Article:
The National Highway Traffic Safety Administration (NHTSA) has opened an investigation into whether Chrysler Group LLC minivans with full fuel tanks are stalling. This probe is in response to a consumer complaint indicating that the stalling could be dangerous. Dodge Grand Caravan owner Brian Rosa of Union, N.J., complained to NHTSA in July in a letter that his 2007 minivan began stalling after it had been refueled.
Mr. Rosa said the problem started in June when his wife and children were traveling on a highway and the engine stalled. His wife was driving around a bend in the road, and when the car stalled, she couldn’t operate the steering wheel, according to Mr. Rosa. He wrote in his complaint to NHTSA:
This only happens when the fuel tank is refueled to capacity. This is a major safety issue, and my hope is that Chrysler makes good on a defective part.
NHTSA’s Office of Defects Investigation has acknowledged that it had received a petition claiming the minivans were stalling when the gas tank was filled to capacity. Chrysler dealt with a similar problem on its Chrysler 300s and Dodge Magnums and Chargers last year, according to NHTSA. According to that investigation, some models of those vehicles would stall when the car was stopped or driving slowly after the fuel tank had been filled to capacity. NHTSA concluded that the condition represented a low risk to drivers and was adequately addressed by the company’s extended warranty. The investigation by NHTSA was closed in February.
Chrysler recalled about 792,000 older Jeep models in July over an ignition-switch defect. That followed an announcement by NHTSA that it had opened two investigations into possible ignition-switch defects in approximately 1.25 million Chrysler Group vehicles. As we have reported, this was a similar problem to the defect that led to a massive General Motors Co. (GM) recall that has caused hundreds of deaths.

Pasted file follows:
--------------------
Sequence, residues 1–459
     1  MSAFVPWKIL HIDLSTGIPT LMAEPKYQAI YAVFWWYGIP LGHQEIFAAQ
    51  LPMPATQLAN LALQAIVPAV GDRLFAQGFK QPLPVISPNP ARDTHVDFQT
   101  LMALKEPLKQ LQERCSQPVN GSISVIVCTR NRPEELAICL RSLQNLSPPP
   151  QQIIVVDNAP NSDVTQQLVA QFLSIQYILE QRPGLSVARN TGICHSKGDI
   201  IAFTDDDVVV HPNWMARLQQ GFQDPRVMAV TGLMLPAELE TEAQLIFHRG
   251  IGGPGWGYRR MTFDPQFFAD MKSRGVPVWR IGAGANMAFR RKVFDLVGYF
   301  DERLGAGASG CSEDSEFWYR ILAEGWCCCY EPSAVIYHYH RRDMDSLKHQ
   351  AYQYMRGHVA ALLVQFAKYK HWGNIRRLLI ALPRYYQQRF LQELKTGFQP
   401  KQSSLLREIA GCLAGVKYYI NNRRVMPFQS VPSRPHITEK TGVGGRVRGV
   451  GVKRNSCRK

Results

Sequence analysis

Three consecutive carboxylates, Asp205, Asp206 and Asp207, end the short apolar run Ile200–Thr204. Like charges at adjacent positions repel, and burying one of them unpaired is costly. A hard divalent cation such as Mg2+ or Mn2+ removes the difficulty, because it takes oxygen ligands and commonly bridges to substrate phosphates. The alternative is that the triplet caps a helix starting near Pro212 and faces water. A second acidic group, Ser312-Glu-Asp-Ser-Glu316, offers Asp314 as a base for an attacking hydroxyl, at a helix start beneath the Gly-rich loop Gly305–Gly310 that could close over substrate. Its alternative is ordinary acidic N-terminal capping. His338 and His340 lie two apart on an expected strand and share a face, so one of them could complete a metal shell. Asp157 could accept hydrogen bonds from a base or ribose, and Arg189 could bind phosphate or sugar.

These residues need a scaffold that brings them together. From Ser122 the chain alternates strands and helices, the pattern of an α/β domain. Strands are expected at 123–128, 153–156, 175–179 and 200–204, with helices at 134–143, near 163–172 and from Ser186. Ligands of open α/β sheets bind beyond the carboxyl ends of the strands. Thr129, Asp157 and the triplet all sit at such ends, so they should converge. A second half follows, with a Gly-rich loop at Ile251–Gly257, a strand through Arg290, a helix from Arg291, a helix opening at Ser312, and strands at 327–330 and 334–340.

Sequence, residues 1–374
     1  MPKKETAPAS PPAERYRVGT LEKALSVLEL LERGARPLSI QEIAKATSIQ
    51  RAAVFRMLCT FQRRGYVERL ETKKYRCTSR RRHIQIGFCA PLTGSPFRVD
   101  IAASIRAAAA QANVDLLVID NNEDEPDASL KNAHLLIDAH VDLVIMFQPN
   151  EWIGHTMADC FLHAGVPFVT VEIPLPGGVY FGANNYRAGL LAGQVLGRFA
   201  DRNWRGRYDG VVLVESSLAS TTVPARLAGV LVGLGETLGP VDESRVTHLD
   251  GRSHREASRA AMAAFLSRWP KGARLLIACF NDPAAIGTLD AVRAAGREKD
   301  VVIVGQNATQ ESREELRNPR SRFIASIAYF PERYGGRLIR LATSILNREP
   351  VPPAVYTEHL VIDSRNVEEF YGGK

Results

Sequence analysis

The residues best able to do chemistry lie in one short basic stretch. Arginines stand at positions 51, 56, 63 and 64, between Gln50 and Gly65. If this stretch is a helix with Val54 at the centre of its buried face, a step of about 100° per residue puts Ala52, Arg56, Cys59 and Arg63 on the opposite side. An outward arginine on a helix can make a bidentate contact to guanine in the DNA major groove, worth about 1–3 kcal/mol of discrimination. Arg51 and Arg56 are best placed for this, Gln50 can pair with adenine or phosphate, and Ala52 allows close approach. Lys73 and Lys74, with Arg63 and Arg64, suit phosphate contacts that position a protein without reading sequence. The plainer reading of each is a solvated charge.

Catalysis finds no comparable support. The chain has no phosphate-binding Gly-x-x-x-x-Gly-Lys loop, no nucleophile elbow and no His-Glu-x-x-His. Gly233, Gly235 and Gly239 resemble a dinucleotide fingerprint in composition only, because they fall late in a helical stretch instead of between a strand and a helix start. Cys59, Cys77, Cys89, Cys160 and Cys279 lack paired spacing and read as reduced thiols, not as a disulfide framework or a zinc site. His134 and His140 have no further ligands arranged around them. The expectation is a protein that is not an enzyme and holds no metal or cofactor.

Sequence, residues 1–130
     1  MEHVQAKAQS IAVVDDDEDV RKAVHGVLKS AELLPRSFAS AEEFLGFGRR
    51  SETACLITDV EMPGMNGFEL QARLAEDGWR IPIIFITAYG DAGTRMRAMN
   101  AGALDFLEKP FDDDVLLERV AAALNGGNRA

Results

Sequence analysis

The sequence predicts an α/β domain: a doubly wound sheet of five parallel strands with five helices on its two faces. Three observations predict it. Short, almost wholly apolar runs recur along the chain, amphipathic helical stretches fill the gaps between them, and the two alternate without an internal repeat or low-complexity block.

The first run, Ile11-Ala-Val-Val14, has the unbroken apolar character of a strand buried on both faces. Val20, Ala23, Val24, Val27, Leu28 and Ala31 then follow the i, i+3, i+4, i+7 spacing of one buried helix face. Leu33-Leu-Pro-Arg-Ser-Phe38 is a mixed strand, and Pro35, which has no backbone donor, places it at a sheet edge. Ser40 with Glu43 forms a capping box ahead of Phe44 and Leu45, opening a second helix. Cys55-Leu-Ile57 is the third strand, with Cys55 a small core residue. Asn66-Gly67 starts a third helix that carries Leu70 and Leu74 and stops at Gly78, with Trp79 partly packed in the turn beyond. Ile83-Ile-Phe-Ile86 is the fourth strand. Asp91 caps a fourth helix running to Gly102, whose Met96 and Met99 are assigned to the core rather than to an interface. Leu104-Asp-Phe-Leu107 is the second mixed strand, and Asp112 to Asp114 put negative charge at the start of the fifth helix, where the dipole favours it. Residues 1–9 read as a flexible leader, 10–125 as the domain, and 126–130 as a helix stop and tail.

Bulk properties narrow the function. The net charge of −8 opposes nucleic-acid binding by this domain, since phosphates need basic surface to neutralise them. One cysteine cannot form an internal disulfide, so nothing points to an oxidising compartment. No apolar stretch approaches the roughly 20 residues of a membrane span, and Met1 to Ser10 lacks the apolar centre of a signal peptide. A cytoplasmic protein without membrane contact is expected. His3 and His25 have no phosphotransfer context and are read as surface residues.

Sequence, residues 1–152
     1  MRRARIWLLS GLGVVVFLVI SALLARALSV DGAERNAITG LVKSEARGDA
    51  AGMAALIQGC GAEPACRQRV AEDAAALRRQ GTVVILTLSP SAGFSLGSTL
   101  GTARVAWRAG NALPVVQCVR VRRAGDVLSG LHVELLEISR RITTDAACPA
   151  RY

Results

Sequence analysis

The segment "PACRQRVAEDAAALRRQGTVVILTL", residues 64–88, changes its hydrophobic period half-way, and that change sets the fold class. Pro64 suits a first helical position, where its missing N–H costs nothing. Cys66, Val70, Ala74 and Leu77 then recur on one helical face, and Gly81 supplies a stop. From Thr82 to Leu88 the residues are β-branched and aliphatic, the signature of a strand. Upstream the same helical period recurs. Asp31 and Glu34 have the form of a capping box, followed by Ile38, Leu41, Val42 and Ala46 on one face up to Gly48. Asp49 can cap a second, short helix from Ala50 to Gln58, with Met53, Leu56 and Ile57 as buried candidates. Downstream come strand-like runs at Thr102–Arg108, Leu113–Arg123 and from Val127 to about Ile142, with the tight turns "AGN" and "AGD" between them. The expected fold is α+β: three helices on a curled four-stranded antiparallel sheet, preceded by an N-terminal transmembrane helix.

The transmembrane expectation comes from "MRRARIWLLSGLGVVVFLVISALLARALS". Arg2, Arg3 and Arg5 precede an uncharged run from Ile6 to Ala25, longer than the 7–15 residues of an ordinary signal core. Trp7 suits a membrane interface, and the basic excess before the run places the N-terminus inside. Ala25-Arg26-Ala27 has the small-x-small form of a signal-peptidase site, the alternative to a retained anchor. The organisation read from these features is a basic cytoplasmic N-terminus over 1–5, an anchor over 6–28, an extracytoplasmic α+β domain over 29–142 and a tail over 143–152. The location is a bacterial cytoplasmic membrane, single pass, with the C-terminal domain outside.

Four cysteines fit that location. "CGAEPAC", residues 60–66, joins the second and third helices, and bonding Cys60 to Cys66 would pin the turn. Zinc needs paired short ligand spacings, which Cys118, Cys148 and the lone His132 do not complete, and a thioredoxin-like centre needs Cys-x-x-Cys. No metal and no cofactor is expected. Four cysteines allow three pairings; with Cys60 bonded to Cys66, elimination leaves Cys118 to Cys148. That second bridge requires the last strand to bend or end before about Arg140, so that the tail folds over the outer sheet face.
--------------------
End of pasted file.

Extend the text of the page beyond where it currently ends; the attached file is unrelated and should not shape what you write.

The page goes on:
A putative class action was filed in California federal court alleging Chrysler concealed from consumers a known defect in the ignition switches of older Jeep models that can lead to engine stalling or air bag failure. In August, the Center for Auto Safety filed a petition with NHTSA, urging the agency to issue a safety recall related to Chrysler’s “totally integrated power module,” (TIPM) a computer that controls a range of systems in millions of Chrysler vehicles.
In the Aug. 21st letter to NHTSA Acting Administrator David J. Friedman, the consumer advocacy group said it has received 70 complaints related to the Chrysler TIPM, and that NHTSA has received “hundreds if not thousands” of complaints detailing vehicle stalling, airbags not deploying and instrument panel failures related to problems with the TIPM. Chrysler owners are paying for their own TIPM replacements and waiting weeks or months for the parts while remaining “at the mercy of a defect which many have likened to the vehicle being possessed and uncontrollable,” the advocacy group wrote in its petition. It will be interesting to see how NHTSA handles this investigation. We will watch it closely.
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